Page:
Individuals needing medication follow-up post-hospital;

All chronic relapsing illnesses with a history of previous hospitalization; and

Individuals who have recurrent illnesses and/or a pattern of going from one crisis to another and have not been responsive to short-term intervention.


A provider self-referral is defined as a situation in which an EAP provider accepts and evaluates an eligible member in a case originating through the EAP, and then provides ongoing treatment for the member for mental health problems as part of the member’s mental health plan.

Historically, EAPs were designed as assessment-and referral-only programs with a workplace focus. Over time, some programs offered brief treatment models as well. In order to prevent any possible conflict of interest between the needs of patient and the self-interests of the provider, most plans required EAP providers to refer to a different provider any employee who needed care beyond the EAP. Today, even though most referrals into outpatient benefit plans are monitored for medical necessity, many customers still require that EAP providers not refer to themselves for ongoing care.

For that reason it is important that EAP providers clearly understand their role when they accept a case as an employee assistance therapist, and that they explain their role and its limitations at the first meeting with an employee.


Employer organizations are typically presented with a menu of EAP program options and select the benefit design that best fits the needs of their employees and the organization. This means that one employee may be eligible for only a 1-3-session assessment and referral model, while employees of another organization may be entitled to as many as 8 sessions in a brief treatment model. Some organizations make use of the EAP entirely optional, while others use the EAP to provide a “gatekeeper” function, which means that employees must first be evaluated face-to-face by an EAP provider before accessing their behavioral health benefit plan.

Rocky Mountain EAP Administrator briefly assesses incoming calls to the EAP based upon the above program design and the severity of presenting problems before referring into the EAP. Face to face evaluation by the EAP provider may uncover additional needs that clearly exceed the limitations of the EAP. In such cases, EAP providers should contact their referring EAP Administrator sooner rather than later in order to facilitate a referral to the appropriate level of care.

Rocky Mountain EAP strongly discourages EAP providers continuing to see employees through the EAP when it becomes clear that the person is in need of longer-term or specialty care. While it may be appropriate for the EAP provider to utilize an additional session to explain their findings and recommendations to an employee, it is inappropriate to attempt to engage in therapy that cannot reasonably be concluded within the remaining EAP session allowance.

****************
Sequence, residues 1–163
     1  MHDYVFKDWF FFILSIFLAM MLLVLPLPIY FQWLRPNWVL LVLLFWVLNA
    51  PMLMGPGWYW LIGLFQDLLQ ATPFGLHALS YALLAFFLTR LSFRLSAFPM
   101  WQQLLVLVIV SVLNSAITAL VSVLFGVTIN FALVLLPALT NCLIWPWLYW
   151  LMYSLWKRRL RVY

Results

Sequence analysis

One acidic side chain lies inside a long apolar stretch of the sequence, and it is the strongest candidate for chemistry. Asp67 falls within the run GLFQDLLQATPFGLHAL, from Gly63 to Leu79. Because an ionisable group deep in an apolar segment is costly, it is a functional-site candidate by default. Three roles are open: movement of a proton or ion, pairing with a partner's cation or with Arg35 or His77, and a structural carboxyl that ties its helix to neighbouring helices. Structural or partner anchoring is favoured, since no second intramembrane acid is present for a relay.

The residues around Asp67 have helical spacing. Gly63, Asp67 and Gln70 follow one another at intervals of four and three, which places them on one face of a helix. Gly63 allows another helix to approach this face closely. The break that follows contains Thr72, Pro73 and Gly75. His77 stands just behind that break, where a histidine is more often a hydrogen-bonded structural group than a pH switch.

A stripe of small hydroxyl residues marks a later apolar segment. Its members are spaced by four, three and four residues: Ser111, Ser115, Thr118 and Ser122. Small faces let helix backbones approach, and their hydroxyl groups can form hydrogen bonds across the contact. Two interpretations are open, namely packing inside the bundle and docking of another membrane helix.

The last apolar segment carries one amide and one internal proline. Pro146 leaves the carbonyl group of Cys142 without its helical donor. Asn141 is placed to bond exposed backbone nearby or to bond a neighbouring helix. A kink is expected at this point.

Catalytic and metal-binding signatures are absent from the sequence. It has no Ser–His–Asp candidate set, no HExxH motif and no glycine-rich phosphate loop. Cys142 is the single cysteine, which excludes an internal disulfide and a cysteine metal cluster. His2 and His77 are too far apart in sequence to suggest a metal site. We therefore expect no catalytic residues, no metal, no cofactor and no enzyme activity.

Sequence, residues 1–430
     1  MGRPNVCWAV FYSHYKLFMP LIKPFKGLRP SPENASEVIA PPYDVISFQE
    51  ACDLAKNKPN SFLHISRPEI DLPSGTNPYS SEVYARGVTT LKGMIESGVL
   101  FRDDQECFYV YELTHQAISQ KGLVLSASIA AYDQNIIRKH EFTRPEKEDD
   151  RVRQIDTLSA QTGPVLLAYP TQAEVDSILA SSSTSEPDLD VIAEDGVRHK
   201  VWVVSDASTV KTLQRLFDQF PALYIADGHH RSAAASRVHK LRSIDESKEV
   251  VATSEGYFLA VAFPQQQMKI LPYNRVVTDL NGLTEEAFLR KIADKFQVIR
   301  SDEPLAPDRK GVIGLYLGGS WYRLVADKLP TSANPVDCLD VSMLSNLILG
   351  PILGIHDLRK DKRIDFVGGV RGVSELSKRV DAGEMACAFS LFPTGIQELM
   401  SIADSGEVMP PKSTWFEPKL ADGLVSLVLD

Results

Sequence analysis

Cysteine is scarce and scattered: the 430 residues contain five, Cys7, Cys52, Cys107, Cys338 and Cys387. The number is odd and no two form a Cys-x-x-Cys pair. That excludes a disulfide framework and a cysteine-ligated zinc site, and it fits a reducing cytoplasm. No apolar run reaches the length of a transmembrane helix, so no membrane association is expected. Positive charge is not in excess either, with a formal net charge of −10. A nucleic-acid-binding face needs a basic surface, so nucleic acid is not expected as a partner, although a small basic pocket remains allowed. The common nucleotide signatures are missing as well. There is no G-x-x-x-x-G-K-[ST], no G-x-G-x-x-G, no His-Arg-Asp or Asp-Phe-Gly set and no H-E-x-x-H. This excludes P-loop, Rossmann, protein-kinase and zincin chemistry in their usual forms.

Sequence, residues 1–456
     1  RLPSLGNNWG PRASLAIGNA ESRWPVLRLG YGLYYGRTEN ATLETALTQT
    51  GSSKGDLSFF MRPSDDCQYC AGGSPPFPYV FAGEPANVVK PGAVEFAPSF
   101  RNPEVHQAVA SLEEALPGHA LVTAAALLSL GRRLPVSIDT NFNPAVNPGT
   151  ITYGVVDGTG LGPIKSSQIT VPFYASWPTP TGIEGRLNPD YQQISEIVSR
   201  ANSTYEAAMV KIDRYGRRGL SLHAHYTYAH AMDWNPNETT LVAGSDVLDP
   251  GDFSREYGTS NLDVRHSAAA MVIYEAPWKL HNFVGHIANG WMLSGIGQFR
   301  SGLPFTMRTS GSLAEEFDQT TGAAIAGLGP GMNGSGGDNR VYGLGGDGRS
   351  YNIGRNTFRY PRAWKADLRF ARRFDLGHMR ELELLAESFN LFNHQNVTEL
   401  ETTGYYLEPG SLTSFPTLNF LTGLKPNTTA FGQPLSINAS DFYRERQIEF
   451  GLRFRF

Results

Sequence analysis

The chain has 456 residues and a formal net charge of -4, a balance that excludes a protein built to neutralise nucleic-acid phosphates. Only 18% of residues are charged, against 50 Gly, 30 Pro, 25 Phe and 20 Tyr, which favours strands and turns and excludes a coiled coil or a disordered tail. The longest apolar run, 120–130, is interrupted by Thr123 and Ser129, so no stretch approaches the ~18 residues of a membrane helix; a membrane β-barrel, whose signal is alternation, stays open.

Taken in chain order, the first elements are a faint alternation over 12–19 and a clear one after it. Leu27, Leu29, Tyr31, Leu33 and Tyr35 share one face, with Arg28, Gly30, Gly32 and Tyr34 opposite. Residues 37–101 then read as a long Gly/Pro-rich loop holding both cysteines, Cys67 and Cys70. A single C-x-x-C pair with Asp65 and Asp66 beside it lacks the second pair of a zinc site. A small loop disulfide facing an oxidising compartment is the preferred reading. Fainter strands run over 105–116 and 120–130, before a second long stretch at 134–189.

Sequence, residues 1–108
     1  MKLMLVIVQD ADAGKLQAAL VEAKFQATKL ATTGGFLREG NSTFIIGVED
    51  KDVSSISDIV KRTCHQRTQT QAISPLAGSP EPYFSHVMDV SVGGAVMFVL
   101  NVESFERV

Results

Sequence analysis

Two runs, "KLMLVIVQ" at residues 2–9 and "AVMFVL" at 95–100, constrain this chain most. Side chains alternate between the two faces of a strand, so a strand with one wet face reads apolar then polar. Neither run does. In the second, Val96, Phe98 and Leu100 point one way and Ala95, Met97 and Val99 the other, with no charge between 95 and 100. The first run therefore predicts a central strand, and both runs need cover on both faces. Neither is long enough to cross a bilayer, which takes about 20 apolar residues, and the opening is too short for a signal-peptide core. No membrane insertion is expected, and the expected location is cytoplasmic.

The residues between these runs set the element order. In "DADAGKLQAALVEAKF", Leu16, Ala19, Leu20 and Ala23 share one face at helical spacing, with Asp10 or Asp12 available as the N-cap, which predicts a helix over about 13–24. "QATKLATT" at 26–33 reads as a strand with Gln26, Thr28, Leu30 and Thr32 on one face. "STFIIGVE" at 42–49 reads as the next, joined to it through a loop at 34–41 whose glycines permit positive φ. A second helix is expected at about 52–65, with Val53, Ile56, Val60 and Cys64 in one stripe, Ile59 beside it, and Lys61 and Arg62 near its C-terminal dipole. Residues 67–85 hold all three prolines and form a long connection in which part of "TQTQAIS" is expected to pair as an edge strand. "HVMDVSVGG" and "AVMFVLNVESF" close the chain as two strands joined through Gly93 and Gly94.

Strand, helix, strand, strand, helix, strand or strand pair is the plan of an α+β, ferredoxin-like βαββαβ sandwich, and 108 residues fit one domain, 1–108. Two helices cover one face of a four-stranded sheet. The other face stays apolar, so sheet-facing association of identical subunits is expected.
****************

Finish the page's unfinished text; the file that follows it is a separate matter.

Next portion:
1. Adapted from EAPA Standards and Professional Guidelines for Employee Assistance Programs, January 1998.



Important, traditional elements of an EAP include the problem-solving nature of the EAP and an immediate response to EAP participant calls for assistance. In order for EAP participant assistance to occur as soon as possible upon the initial call to Rocky Mountain EAP, your role as an EAP provider is essential and critical. A solid link between Rocky Mountain EAP,  providers, and EAP participants requires twenty-four hour telephone access for EAP participants – seven days a week – with easy access to a nationwide network of EAP providers.

EAP participants from any payer organization may access a team of Rocky Mountain EAP professional staff during regular business hours. After hours, EAP professionals, at Rocky Mountain EAP call center, will handle calls and redirect as appropriate. EAP participants access Rocky Mountain EAP services via a dedicated toll-free number.


In general, a contracted EAP provider will receive referrals from Rocky Mountain EAP Administrator.

Self-referral – an employee or eligible EAP participant requests EAP services.

Supervisory (job performance based) referral – a referral usually initiated by management with varying degrees of EAP participant compliance. In this type of referral, there are job performance issues, which have necessitated the referral. Generally, the employer will request feedback regarding the outcome. EAP providers should never communicate directly with employers even if contacted by the employer. A signed consent to release information to employers is required.

Positive drug screen referral – a referral from the work location of an EAP participant for a substance abuse assessment and recommendation from the EAP as a result of a positive screen for alcohol or other drugs. A signed consent to release information to the employer is required. EAP providers should never communicate with employers, unless authorized to do so.


EAP eligibility will be verified prior to referring an EAP participant to you.


When an EAP participant is referred to you, the following payer specific information is provided: